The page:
In the 6th Precinct, which covers central Greenwich Village and the West Village, this year’s “toll” to date is zero murders, three shootings. Garcia swept this area with up to 52 percent of votes versus single figures for Adams. Even far-left police-defunder Maya Wiley finished well ahead of Adams with around 20 percent. 

The Village’s cozy confines happen to be home to New York Times Executive Editor Dean Baquet. Although Baquet doesn’t write editorials, it’s a matter of record that his paper endorsed Garcia and her goal of “reforming the New York Police Department.” 

The historically far-left Upper West Side between West 60th and 86th streets, the 20th Precinct, saw zero murders and just one shooting to date this year, and Garcia handily beat Adams here with 44-53 percent of votes in most districts. The precinct known as Midtown South, which includes Times Square, had only a single homicide and nine shootings, and Adams lost to both Garcia and Wiley by several percentage points there. Similarly, the woke wonderland of Brooklyn’s Park Slope, the 78th Precinct, saw zero murders and one shooting so far in 2021 and Adams mustered barely single digits against both Garcia and Wiley. 

Voters in areas of high crime, like East New York, came out in droves for Adams, a former cop who has defended proactive police tactics such as stop and frisk.
Voters in areas of high crime, like East New York, came out in droves for Adams, a former cop who has defended proactive police tactics such as stop and frisk.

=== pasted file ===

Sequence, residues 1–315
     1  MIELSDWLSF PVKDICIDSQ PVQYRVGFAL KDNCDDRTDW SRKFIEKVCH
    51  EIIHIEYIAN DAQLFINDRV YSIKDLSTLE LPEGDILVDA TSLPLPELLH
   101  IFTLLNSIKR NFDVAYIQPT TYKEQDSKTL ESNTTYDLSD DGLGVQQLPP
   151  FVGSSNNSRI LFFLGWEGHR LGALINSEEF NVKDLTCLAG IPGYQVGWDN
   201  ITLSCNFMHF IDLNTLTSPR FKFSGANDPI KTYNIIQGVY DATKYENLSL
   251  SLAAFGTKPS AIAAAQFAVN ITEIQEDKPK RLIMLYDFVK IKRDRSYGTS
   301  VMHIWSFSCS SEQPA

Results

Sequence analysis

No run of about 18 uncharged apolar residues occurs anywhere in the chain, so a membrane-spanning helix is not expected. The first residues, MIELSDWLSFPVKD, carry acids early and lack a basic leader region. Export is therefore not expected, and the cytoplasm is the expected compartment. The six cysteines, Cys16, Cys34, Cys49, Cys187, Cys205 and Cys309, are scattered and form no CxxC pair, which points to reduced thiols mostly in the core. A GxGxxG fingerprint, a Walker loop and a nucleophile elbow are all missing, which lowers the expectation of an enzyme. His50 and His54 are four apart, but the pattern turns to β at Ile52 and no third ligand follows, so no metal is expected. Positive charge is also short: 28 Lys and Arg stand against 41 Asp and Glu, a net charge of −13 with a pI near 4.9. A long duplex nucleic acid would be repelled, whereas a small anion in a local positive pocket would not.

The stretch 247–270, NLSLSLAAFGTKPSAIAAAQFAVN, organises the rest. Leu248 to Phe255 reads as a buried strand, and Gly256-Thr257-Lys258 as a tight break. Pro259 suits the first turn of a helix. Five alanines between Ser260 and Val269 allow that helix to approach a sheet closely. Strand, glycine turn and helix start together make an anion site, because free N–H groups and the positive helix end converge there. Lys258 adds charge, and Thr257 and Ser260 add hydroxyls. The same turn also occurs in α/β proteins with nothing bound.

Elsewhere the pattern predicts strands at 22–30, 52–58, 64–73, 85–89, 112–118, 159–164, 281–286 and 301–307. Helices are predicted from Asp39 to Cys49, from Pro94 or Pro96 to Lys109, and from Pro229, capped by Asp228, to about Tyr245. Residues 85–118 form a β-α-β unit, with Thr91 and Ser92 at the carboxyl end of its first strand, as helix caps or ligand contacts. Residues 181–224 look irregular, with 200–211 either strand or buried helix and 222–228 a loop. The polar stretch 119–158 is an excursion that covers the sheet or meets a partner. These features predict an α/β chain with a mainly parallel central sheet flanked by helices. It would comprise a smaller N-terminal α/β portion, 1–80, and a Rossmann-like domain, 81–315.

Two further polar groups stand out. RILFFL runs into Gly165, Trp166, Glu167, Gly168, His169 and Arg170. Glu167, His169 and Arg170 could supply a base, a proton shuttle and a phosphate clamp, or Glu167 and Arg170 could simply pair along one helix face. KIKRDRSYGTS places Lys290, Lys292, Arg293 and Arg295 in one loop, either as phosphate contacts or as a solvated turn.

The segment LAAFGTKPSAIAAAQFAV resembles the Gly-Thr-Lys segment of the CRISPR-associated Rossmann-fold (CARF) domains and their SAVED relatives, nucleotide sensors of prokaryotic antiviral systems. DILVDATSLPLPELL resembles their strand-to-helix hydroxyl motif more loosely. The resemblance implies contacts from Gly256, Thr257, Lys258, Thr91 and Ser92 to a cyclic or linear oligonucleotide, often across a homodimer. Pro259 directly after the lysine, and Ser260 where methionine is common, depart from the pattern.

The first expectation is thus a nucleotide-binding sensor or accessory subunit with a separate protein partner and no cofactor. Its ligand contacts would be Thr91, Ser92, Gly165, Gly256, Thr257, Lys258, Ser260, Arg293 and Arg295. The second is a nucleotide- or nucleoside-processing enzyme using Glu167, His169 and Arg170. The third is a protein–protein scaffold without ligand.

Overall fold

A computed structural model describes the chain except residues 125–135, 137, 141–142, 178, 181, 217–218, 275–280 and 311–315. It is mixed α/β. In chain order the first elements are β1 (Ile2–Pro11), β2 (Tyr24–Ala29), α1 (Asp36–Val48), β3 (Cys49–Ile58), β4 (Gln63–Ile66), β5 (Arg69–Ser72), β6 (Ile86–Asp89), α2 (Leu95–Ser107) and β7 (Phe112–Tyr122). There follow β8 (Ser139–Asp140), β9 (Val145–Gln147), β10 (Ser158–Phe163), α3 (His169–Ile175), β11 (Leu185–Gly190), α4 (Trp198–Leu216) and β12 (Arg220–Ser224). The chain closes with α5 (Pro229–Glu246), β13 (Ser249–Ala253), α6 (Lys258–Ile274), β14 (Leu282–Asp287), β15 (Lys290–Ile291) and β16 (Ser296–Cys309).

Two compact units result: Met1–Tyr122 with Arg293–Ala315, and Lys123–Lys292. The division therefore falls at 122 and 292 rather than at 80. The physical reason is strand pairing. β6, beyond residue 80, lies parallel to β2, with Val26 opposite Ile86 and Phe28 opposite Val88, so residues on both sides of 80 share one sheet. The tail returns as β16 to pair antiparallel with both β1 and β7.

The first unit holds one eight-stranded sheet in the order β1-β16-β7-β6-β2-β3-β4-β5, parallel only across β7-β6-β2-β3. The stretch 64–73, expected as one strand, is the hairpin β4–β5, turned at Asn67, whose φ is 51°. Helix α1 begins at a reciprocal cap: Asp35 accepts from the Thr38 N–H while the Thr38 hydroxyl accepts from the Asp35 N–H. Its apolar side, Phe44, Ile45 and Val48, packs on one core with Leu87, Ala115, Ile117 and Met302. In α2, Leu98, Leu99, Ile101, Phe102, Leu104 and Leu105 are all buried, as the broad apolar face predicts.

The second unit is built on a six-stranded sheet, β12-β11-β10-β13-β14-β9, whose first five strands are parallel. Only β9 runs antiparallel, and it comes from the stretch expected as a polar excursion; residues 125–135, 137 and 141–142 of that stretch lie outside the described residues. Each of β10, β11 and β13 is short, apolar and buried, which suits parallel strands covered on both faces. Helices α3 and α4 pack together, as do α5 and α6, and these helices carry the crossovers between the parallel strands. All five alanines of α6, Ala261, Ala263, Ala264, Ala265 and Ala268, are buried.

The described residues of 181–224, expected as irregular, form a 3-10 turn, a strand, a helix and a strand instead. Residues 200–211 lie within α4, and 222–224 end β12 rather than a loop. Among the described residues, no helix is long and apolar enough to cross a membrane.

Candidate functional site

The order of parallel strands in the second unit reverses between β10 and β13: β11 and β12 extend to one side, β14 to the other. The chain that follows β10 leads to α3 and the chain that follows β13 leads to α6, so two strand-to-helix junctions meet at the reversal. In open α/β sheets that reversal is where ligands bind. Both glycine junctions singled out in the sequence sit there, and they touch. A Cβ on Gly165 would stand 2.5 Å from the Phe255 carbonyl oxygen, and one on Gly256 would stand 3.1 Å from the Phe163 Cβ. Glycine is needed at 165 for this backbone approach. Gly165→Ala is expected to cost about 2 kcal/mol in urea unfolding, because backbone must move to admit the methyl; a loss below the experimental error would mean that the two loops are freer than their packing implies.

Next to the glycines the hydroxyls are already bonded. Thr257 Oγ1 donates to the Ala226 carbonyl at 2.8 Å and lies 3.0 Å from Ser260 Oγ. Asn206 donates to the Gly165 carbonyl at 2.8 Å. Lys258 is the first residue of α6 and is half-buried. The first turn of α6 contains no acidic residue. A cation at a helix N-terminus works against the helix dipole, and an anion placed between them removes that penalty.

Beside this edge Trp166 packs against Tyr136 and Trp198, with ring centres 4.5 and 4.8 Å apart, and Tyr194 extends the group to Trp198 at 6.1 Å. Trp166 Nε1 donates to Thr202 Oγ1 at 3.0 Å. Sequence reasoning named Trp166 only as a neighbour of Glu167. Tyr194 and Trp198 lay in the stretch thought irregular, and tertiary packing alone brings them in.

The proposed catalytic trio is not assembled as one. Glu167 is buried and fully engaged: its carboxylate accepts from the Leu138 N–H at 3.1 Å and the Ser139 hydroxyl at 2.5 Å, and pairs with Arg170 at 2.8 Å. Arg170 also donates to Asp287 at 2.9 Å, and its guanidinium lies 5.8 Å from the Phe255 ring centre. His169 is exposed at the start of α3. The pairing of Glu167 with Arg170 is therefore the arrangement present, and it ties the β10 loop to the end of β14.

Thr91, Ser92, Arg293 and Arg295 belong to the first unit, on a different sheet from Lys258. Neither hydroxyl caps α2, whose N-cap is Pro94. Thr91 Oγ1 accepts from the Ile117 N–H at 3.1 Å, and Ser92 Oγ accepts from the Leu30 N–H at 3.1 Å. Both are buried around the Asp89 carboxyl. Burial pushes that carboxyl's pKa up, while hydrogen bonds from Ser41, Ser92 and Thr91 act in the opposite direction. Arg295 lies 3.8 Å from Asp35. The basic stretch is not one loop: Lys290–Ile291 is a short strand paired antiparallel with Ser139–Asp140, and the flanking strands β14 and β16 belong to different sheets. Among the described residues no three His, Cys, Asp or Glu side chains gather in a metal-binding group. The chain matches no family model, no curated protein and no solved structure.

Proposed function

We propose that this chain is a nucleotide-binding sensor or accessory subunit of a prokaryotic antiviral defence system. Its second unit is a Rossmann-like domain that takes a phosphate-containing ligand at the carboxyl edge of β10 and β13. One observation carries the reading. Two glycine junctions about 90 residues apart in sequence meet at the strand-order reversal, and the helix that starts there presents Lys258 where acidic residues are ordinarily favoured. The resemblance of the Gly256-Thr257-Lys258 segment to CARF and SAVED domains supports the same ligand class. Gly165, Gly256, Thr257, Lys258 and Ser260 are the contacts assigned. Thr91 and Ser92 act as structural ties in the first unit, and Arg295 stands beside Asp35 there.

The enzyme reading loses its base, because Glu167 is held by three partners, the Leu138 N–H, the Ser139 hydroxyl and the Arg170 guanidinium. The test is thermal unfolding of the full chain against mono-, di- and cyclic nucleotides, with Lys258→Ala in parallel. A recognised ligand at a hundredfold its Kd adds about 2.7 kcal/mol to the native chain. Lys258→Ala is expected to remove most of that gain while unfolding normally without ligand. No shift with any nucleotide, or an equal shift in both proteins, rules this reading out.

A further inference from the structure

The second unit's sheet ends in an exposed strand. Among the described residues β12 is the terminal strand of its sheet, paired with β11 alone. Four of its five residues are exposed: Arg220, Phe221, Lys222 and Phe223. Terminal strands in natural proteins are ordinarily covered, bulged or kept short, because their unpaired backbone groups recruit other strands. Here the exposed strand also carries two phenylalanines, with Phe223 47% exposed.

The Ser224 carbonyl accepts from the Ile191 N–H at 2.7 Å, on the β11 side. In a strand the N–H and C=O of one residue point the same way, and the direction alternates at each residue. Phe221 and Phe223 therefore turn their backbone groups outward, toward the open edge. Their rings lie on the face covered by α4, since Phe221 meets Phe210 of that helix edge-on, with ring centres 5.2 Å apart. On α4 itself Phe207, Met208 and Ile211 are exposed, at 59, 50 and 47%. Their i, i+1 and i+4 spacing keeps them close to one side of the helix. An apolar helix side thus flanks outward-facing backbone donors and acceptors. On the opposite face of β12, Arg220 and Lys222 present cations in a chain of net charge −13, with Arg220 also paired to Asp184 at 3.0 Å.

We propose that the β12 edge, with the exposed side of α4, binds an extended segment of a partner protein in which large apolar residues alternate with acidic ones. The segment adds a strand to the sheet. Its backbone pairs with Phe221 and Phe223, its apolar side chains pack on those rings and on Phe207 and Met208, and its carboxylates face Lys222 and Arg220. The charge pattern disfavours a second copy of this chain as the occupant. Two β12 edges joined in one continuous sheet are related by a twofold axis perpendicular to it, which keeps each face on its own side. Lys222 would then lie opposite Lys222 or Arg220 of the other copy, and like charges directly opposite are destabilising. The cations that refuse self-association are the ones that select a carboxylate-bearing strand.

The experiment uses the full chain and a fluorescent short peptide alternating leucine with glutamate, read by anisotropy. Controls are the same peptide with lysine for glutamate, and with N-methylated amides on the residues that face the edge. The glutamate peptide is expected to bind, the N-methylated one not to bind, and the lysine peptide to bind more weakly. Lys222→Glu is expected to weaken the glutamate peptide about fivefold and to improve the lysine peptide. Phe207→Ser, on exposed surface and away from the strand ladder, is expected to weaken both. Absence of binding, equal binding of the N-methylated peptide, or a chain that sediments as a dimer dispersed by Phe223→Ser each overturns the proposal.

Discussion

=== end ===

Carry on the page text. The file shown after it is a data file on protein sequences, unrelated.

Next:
Stefan Jeremiah

On the other hand, Adams’ narrow, 8,400-vote margin over Garcia was built on support from neighborhoods where chronic bloodshed is a way of life. Their residents want more, not less, police protection notwithstanding Wiley’s assertion that defunding cops was what people of color really craved. 

In the 75th Precinct of Brooklyn’s East New York, which has seen nine murders and 34 shootings in 2021, Adams clobbered all others with up to 77.9 percent of the vote. He also took up to 60 percent in the Southwest Bronx’s 44th Precinct where there were eight murders and 44 shootings so far this year. 

My childhood neighborhood of Ocean Hill-Brownsville, in the 73d Precinct, saw eight murders and 35 shootings since Jan. 1, most of them in Brownsville’s gang-infested housing projects. The gigantic Broadway Junction subway station, both elevated and underground, is one of the scariest of the system’s 472 stations and a source of dread for all who use it. Adams pulled nearly 75 percent in some of this precinct’s voting districts. 

Adams himself attributed his victory to a “a five-borough movement of working-class New Yorkers coming together for a safer, stronger, healthier city.” Former NYPD Commissioner Bill Bratton, who spearheaded the drop in crime under former Mayor Rudy Giuliani and all-too-briefly maintained it under Bill de Blasio, called it “good news for New York City.” 

It’s the best news of all for neighborhoods where bullets rule — even if my deep-thinking Manhattan neighbors haven’t a clue as to why.

Read More